There’s not much sexiness about these wreck dives, some of which go more than 100 feet down. As a diver, you’ll be covered head to toe in a mask, full body suit, and hood, and, still, the water will freeze your ass off and the visibility will be near zero. The captain of the Jeanne II looks like a pirate, and your fellow divers will mostly be crusty old men.
Well, actually, that makes perfect sense to me. Hanging out on a boat with a pirate and his curmudgeonly crew is what Disney movies are made of.
So thanks for the spotlight, Village Voice. We previously heard from the New York Times about how great Jeanne II’s scuba trips are, so maybe its about time we chilled down under (the water line) as well.
She doesn’t hang out in dungeons, and she may not be hardy enough for snow. But, don’t be fooled – this blue lady is no softy.
What the heck am I talking about? Do the puzzle to figure it out.
Photo courtesy of nolastname, taken on Plumb Beach.
Two Asian eateries were closed recently by the Department of Health and Mental Hygiene for unsanitary conditions, one of which received a staggering 105 violation points.
New Star Seafood Restaurant at 1217-1221 Avenue U was closed after a laundry list of violations was issued in at least 15 areas. Just a sampling of the complaints includes evidence of mice and roaches, food was not protected from potential contamination, hot food was not held at adequate temperatures, food preparation surfaces were not cleaned, and handwashing areas even lacked soap. Workers were even scolded in the DOH report for their personal cleanliness, with the inspector observing soiled garments and lack of hair restraints.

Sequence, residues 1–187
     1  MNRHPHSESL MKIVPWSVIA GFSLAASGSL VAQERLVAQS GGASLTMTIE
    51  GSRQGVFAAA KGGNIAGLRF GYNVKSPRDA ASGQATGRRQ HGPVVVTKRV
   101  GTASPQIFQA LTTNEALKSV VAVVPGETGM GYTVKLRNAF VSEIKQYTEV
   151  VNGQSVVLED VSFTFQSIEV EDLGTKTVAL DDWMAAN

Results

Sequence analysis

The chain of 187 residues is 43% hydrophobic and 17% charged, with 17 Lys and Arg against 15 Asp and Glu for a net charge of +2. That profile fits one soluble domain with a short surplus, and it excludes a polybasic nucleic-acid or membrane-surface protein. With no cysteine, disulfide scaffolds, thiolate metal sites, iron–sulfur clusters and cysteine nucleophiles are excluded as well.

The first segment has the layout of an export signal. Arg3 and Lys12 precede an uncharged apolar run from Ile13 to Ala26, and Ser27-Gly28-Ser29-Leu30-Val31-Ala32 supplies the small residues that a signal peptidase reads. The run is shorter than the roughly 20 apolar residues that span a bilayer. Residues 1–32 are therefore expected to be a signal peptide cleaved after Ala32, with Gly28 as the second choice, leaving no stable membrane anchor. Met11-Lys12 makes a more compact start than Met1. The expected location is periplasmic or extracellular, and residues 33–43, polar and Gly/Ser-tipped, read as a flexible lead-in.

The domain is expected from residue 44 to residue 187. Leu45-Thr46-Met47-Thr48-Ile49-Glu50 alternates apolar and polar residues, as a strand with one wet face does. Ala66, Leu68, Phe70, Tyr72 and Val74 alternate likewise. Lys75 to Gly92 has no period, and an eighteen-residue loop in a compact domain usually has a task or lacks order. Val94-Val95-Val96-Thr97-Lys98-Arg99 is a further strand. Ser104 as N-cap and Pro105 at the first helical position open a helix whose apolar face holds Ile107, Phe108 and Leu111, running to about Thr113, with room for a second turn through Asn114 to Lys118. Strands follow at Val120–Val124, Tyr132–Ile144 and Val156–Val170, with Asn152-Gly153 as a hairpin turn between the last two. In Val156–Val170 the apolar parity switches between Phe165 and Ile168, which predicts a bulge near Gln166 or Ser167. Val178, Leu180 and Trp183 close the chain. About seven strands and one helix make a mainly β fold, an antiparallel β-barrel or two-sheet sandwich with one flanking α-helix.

The restaurant was shut down on Friday, October 15, but a sign in the door (placed next to the DOH sign) said they were closed for renovation and would be reopened yesterday. As of today they are still closed.
Meanwhile, Yoshinoya Sushi at 1741 Sheepshead Bay Road (off of Shore Parkway) was closed yesterday for mice, rats and roaches, as well as improper storage of cold food items. They accumulated 45 points, largely for critical violations.
With Kingsborough Community College’s enrollment roster swelling, and projects underway to accommodate growing needs, the school has turned to some imaginative ways of raising funds. Last year was the walkathon, which raised $15,000 for scholarships – and now they’re picking a fight with a bunch of old men.
Thirteen old men, to be exact. And they’re not really that old.
On Sunday, October 24, warriors from the Manhattan Beach Neighborhood Association will take on the spry youths of Kingsborough’s softball team. But it’s a win-win for the school, who is hosting the match at noon, since they’re getting paid regardless.